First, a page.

‘When I am beset by abjection, the twisted braid of affects and thoughts I call by such a name does not have, properly speaking, a definable object. The abject is not an ob-ject facing me, which I name or imagine. Nor is it an ob-jest, an otherness ceaselessly fleeing in a systematic quest of desire. What is abject is not my correlative, which, providing me with someone or something else as support, would allow me to be more or less detached and autonomous. The abject has only one quality of the object – that of being opposed to I.’
(Julia Kristeva, “Powers of Horror”, 1982)
Say hello to the non-thing. It sits in a corner, or in a painted depiction of a corner that is also, inevitably, just paint: a region of diagonal paintstrokes on the left, radiating outward and signifying depth, hitting a swatch of downward strokes on the right, suggesting verticality. We read it as a 90-degree angle even though it could be a 135-degree one, because we read instinctively through pictorial convention. And because nestled in this nook is the non-thing, which serves to orient and create space even though it, the non-thing, only speculatively exists. It’s here, it’s not here: let’s agree, looking at Fud (2012), that there’s an interpretational fork to be navigated, and let’s take both roads in turn.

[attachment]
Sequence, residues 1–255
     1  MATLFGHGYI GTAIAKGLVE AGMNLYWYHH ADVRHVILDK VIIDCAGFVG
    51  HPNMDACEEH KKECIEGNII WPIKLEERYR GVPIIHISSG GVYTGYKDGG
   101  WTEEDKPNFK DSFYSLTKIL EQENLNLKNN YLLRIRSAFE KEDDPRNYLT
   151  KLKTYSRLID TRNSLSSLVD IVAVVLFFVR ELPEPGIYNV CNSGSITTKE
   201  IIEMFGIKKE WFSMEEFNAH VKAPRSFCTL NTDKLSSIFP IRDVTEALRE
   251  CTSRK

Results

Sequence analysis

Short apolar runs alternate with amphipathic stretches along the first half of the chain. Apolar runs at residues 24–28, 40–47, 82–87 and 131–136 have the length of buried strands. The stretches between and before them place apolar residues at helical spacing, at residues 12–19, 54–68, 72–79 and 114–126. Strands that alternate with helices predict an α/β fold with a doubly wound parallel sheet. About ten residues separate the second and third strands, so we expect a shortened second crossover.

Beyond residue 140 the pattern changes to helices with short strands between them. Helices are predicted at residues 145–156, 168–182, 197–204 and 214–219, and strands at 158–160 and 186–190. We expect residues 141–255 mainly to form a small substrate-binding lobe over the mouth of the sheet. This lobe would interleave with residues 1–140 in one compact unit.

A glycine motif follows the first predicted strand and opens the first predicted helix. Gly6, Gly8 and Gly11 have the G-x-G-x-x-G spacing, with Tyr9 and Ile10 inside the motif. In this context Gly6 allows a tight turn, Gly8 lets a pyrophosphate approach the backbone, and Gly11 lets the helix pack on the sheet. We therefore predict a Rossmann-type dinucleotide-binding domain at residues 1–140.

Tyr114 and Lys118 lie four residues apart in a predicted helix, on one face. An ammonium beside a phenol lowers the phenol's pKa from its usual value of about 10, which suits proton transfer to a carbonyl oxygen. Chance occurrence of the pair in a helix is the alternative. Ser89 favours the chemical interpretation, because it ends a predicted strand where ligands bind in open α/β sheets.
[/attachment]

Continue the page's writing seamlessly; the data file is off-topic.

Road one: the non-thing is a textural amalgam, a rendering of surfaces that ostensibly correlate to things in the world, and just because we ’ve never seen one of these doesn’t mean they don’t exist. There is honeycombing, marbling, and weird neat labyrinthine patterning. All of this agglutinates into a central, would-be three-dimensional mass, a rustic psychedelic lollipop that sensible folks couldn’t be paid to lick. Because of the clustering, because the background is texturally so different and the foreground is mildly in relief, we naturally discern figure and ground within it. And then, and still a little lost, we go a step further and wax defensively anthropomorphic. We see a shape pop off the top of the figure and think it looks like a distended ear. We ask where in the world would you find one of these, and what you would call it if you did.
Road two: the whole is a record of processes. Paint got stroked on and maybe at one point there was just a neat, chocolate-toned, almost geometric abstraction here – the ‘corner’ – and also paint got poured on, a luscious wayward glop in the middle, with its own ideas about where its contours would come to rest. There’s a temporal Möbius strip built into the painting, too. You’d assume that the background preceded the pours (and the prestidigitation on top of them), but the former also appears to have rolled over some earlier splattering so we’re already a bit lost in terms of reconstructive chronology. Safe to say, at least, that paint got added to paint and left to dry, hence the crazy-paved patterning here of the type that experiment-minded painting students tend to discover after a while, though that is rarely put to such programmatic use or combined within such a rangy repertoire of techniques. Embossing tools came out, we can discern, making a little citadel of cells. Some of what’s done here is closer to printmaking than painting.